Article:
As we approach the end of another busy year, it feels like a good moment to pause and take stock of the journey the profession has been on in 2023. 

Once again, teachers have demonstrated their resilience and ability to adapt. The profession has navigated its way through workforce pressures and a difficult industrial context, continuing to prove their fortitude. It won’t be news to anyone that Australia is facing a severe shortage of teachers, with reforms underway across many states and territories in an effort to retain and attract the highly qualified workforce that we want in our almost 10,000 schools.

Australian education still has an enormous standing on the international scene, and a testament to Australia’s 515,000 registered teachers, and the expertise residing within them, all in the face of substantial challenges.  In fact, many countries have contacted us in the last year to learn about the work we do with the profession, how we went about that work and what’s on the national agenda to assist the education workforce. 

Having worked as a teacher and a principal, I’m really passionate about the difference we can make to each student, each day. There are the simple joys in life, and I hope that the profession can hold on to the joy of teaching amidst the turbulent wider context. 

This year we heard a lot about Chat GPT and other artificial intelligence tools, and what impact AI may have – or is already having – on the profession. Our last Spotlight report for 2023 dives into the subject in more detail, and I was glad to be able to speak to The Educator and at various conferences this year. It will be interesting to continue to follow these emerging technologies to see how they evolve, keeping in mind that the evidence shows that quality of pedagogy has a more significant impact on student outcomes than edtech usage.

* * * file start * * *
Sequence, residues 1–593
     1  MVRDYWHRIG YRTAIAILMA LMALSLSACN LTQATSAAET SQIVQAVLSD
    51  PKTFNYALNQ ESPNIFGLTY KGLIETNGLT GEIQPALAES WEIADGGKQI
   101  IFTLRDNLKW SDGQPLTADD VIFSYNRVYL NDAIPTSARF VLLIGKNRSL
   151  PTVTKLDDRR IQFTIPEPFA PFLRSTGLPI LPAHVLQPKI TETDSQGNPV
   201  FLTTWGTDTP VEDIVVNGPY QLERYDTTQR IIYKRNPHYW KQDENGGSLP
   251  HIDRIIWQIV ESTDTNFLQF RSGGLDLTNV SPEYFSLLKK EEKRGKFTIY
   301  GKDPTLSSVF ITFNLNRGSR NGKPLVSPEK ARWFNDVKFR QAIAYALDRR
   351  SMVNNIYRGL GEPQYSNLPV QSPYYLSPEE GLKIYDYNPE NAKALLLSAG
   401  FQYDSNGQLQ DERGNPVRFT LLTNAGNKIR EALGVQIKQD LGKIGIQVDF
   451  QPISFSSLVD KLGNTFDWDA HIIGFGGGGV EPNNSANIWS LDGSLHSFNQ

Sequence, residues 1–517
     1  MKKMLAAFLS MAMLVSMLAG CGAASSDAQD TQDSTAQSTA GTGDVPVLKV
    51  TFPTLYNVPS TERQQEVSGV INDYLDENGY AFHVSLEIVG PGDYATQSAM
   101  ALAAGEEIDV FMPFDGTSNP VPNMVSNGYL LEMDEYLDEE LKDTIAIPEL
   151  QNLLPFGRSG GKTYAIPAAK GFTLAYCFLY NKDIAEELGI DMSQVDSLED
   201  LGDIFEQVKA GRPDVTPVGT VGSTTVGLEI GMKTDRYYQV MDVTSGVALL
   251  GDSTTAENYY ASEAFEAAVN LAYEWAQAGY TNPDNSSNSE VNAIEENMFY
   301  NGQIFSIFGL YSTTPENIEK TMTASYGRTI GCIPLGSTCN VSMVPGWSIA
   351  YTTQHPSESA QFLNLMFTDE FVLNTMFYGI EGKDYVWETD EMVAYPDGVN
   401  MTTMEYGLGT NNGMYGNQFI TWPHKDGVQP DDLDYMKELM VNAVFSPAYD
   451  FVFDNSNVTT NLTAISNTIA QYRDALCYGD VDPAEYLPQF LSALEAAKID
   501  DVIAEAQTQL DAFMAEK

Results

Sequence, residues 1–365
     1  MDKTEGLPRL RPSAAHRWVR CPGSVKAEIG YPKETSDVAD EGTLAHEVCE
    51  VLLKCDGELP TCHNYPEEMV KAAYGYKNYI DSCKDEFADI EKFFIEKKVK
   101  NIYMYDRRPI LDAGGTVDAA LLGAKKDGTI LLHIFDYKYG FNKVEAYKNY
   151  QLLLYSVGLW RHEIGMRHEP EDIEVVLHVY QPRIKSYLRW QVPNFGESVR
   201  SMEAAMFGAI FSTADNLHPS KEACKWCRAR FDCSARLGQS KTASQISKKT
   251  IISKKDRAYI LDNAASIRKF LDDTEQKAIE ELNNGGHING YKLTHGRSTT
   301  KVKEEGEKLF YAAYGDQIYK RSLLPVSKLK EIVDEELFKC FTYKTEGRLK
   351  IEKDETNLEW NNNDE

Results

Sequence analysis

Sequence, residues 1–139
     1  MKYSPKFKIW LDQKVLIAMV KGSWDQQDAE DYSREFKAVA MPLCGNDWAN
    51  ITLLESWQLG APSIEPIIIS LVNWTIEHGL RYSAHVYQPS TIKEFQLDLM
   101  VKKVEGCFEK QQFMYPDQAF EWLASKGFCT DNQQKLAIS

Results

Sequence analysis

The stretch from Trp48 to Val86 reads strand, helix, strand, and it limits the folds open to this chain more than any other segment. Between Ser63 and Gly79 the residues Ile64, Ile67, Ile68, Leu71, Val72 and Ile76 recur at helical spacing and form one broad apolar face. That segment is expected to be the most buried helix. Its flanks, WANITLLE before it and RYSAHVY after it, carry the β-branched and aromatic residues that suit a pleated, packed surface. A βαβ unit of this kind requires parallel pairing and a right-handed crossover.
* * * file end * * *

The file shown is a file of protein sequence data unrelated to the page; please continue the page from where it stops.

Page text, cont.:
It was wonderful getting to talk to educators from across the country at the HALT Summit this year too. Certification as a Highly Accomplished or Lead teacher is a significant achievement for teachers and can lead to opportunities for career advancement, professional growth, and most importantly - recognition of their high-quality teaching practices. With 96% satisfied or very satisfied with the collaboration sessions, it’s fair to say that the 400+ expert teachers – as well as senior representatives from systems, sectors, regulatory authorities, and principal associations – benefited from the opportunity to share their knowledge and expertise. 

World Teachers’ Day saw the public demonstrating what the research shows – that teachers are valued by the community; serving a vital role in society. We were overwhelmed by the 5 million+ people across Australia sharing special messages, personal anecdotes, dance routines and even love stories. World Teachers’ Day continues to be a highlight of the year for everyone here at AITSL, as we see students and the public all sharing our appreciation for the expertise of teachers.

We know that teachers and leaders will be already deep in planning for 2024, in preparing for new classes or giving some of our students a taste of next year’s curriculum. AITSL is busy planning our year ahead too, with actions from the National Teacher Workforce Action Plan keeping us focused on the future, with some targeted evidence-informed resources on the way.

We hope that you will have a well-deserved break and enjoy time with your loved ones (or perhaps some solitude away from them!). If you’re on the lookout for a good book or podcast recommendation, have a look at AITSL’s summer “chill list”. My top read this year was My Dream Time by Ash Barty; a wonderful insight into purpose and perspective.

I want to express my deepest appreciation to the entire AITSL community – our dedicated staff, our valued stakeholders and key partners, and, most importantly, the educators and leaders who work tirelessly to shape the future of our nation through education. Together, we are making a difference, and I am excited about the journey ahead.